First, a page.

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What Is CPT®?


Integral to billing medical services and procedures for reimbursement, Current Procedural Terminology (CPT)® is the language spoken between providers and payers.

CPT® refers to a set of medical codes used by physicians, allied health professionals, nonphysician practitioners, hospitals, outpatient facilities, and laboratories to describe the procedures and services they perform.

Specifically, CPT® codes are used to report procedures and services to federal and private payers for reimbursement of rendered healthcare.

In 1966, the American Medical Association (AMA) created CPT® codes to standardize reporting of medical, surgical, and diagnostic services and procedures performed in inpatient and outpatient settings. Each CPT® code represents a written description of a procedure or service, removing the subjective interpretation of precisely what was provided to the patient.

To accommodate the evolving world of healthcare — including the availability of new services and the retirement of outdated procedures, among other considerations — the AMA updates the CPT® code set annually, releasing new, revised, and deleted codes, as well as changes to CPT® coding guidelines. The AMA also releases smaller updates to certain sections of the CPT® code set throughout the year.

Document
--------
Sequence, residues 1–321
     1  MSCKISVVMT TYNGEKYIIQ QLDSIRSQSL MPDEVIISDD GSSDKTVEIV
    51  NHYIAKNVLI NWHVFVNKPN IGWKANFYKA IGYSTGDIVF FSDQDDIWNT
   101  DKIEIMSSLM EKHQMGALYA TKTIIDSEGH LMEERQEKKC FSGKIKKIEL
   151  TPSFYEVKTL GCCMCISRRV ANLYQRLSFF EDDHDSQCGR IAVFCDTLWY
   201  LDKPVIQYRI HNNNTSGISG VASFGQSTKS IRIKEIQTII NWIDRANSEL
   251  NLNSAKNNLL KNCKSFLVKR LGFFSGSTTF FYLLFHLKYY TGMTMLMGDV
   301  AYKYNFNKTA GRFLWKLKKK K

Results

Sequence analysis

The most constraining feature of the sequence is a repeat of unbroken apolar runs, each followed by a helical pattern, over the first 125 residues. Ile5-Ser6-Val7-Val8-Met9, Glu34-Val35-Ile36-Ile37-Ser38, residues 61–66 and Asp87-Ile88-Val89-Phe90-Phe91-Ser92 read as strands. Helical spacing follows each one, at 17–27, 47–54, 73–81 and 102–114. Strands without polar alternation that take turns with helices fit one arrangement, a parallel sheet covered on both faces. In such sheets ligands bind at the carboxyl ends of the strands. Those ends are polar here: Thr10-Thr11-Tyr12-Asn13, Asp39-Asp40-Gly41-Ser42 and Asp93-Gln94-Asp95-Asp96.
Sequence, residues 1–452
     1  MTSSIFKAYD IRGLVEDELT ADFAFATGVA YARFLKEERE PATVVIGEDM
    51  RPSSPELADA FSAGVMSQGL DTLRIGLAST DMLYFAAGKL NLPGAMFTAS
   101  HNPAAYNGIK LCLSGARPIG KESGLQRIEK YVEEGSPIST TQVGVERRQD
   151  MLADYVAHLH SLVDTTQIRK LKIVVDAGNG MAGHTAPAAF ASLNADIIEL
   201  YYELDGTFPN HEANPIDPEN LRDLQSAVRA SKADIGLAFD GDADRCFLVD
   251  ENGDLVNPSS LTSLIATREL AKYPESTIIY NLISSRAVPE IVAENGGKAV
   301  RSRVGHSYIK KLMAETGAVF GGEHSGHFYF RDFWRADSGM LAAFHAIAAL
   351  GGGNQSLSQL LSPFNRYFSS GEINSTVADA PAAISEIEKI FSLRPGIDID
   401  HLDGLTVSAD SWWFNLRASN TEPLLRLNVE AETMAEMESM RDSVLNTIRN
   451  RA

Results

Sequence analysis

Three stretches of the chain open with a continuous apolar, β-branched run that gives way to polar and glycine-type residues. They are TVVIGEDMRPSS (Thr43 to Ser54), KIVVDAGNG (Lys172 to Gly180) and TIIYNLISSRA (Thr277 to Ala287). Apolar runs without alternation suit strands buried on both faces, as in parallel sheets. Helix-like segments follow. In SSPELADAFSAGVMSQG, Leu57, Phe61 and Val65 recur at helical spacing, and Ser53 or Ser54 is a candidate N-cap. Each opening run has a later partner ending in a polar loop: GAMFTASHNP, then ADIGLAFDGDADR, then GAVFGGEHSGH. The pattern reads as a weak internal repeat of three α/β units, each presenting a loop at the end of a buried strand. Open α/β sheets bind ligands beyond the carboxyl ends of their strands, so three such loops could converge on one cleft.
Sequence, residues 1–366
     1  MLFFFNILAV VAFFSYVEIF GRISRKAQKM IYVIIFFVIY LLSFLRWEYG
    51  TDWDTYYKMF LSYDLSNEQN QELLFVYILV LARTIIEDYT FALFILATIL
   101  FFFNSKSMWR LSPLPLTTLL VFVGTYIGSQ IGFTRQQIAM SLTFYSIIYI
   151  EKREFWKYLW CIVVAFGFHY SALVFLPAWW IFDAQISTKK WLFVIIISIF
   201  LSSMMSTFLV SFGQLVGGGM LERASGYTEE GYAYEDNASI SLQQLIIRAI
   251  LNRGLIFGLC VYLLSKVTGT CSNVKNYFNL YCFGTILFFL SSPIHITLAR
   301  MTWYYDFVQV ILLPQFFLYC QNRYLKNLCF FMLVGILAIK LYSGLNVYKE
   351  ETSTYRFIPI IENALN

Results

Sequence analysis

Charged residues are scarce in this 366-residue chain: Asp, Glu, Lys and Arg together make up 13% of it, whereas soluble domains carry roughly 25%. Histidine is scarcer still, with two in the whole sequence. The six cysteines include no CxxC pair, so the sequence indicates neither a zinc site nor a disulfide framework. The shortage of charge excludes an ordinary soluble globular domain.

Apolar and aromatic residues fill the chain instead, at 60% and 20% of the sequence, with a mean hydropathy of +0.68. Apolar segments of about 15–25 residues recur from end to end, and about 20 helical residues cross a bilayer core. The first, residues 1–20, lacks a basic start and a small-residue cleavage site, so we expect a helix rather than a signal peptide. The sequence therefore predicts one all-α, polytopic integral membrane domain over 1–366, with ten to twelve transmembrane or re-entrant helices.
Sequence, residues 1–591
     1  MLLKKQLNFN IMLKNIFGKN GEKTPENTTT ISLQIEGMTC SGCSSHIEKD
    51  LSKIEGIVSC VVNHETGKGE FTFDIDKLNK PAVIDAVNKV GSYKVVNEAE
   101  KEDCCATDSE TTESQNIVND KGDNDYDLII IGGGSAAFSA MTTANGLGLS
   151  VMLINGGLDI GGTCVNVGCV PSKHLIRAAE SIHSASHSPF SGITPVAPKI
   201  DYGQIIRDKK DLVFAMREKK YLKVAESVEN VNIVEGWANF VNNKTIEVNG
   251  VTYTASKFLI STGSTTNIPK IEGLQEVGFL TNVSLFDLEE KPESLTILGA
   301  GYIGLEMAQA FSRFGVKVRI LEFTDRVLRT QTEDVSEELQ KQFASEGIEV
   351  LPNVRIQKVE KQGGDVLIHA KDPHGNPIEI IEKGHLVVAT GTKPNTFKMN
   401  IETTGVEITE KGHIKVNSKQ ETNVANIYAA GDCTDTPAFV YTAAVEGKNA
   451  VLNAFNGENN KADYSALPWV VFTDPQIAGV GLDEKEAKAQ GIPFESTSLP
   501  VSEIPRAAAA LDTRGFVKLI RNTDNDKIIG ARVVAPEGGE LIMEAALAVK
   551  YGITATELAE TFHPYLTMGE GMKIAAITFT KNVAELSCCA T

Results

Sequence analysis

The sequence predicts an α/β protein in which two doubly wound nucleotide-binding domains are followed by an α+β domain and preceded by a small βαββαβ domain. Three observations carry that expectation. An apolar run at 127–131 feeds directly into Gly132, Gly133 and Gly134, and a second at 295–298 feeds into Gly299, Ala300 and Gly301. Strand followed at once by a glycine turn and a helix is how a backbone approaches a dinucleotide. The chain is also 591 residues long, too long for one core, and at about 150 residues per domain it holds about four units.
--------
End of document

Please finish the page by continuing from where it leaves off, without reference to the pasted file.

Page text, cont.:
The AMA updates CPT® nomenclature, or medical language, to reflect advances in medicine. Although the AMA owns the copyright to CPT®, the AMA invites providers and organizations to participate in the ongoing maintenance of the code set, welcoming those who use it to suggest changes to codes and code descriptors.

Recognizing CPT® Codes

CPT® codes consist of five characters. Most codes are numeric, but some codes have a fifth alpha character, such as F, T, or U. Examples include:

33275 Transcatheter removal of permanent leadless pacemaker, right ventricular, including imaging guidance (eg, fluoroscopy, venous ultrasound, ventriculography, femoral venography), when performed

3006F Chest X-ray results documented and reviewed (CAP)

0510T Removal of sinus tarsi implant

0079U Comparative DNA analysis using multiple selected single-nucleotide polymorphisms (SNPs), urine and buccal DNA, for specimen identity verification

Understanding Types of CPT® Codes

Coders assign a code for every service or procedure a provider performs. CPT® even includes unlisted codes for those services and procedures not specifically named in another defined CPT® code.

Given the vast number of services and procedures, the AMA has organized CPT® codes logically, beginning with classifying them into three types:

  1. CPT® Category I: The largest body of codes, consisting of those commonly used by providers to report their services and procedures

  2. CPT® Category II: Supplemental tracking codes used for performance management

  3. CPT® Category III: Temporary codes used to report emerging and experimental services and procedures

Most CPT® codes are Category I codes. These represent existing services or procedures widely used and, when appropriate, approved by the U.S. Food and Drug Administration (FDA).